Enter SaraLee, a 2-year-old golden retriever now part of CHKD’s child life department. As CHKD’s new facility dog, SaraLee is specially trained to provide mental, physical and emotional support to young patients and their families in the hospital.

“Having a dog around can provide a lot of comfort and normalize a child’s experience while they are here,” says Shannon Hood, manager of CHKD’s child life program and SaraLee’s handler. Shannon was matched with the young dog this spring and spent two weeks with Canine Companions for Independence, the organization that trained the dog. SaraLee lives with Shannon and comes to work with her as part of the child life team at CHKD every day.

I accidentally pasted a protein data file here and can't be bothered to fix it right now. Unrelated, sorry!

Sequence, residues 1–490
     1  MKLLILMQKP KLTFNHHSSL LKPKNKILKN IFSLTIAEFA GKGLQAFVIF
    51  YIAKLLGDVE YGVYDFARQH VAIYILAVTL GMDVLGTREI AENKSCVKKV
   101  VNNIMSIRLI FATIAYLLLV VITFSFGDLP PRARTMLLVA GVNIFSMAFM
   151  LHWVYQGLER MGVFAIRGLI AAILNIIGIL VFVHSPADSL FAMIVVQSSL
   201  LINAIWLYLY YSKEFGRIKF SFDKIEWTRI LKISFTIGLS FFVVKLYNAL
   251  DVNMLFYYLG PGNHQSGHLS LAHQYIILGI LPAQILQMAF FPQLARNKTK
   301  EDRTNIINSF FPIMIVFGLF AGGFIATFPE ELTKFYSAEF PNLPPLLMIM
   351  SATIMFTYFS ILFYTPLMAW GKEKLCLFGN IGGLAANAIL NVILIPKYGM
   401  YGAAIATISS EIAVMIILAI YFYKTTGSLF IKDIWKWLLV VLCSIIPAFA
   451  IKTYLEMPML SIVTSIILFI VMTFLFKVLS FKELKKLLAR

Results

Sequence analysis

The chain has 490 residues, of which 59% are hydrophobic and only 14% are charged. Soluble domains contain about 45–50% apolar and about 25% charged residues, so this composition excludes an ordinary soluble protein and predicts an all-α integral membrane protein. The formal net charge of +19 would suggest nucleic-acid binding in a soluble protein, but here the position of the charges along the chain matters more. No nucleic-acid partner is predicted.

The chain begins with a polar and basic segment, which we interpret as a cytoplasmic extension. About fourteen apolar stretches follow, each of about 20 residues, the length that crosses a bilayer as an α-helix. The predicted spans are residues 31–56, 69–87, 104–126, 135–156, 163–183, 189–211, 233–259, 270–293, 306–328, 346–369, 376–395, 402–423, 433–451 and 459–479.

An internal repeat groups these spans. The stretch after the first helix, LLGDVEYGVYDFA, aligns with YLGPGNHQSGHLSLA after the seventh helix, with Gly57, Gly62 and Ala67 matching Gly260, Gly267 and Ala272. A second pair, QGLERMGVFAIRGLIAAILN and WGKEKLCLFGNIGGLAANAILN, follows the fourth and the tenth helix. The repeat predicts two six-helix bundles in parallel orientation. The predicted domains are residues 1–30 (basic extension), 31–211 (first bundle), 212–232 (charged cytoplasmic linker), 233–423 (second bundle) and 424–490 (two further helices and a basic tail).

Interactions with a therapy animal are proven to help lower stress and anxiety levels, regulate blood pressure, increase patient mobility and distract from pain. “Simply stroking SaraLee’s fur can give children a sense of calm,” says Shannon.

A facility dog can also provide motivation – a young patient might be inspired to get out of bed if he can take SaraLee for a walk down the hall. A simple game of fetch can double as a therapy exercise to improve balance and coordination in a child who needs physical therapy after a serious illness or injury.

This was certainly true for Luke. SaraLee’s friendly personality provided the perfect distraction from Luke’s pain, and her eagerness to play motivated him to move during therapy sessions. By the end of his three-week stay at CHKD, Luke could do more than take SaraLee on walks; he could race her down the hallway without pain. And SaraLee was able to fetch something Luke had been missing weeks before ... his smile.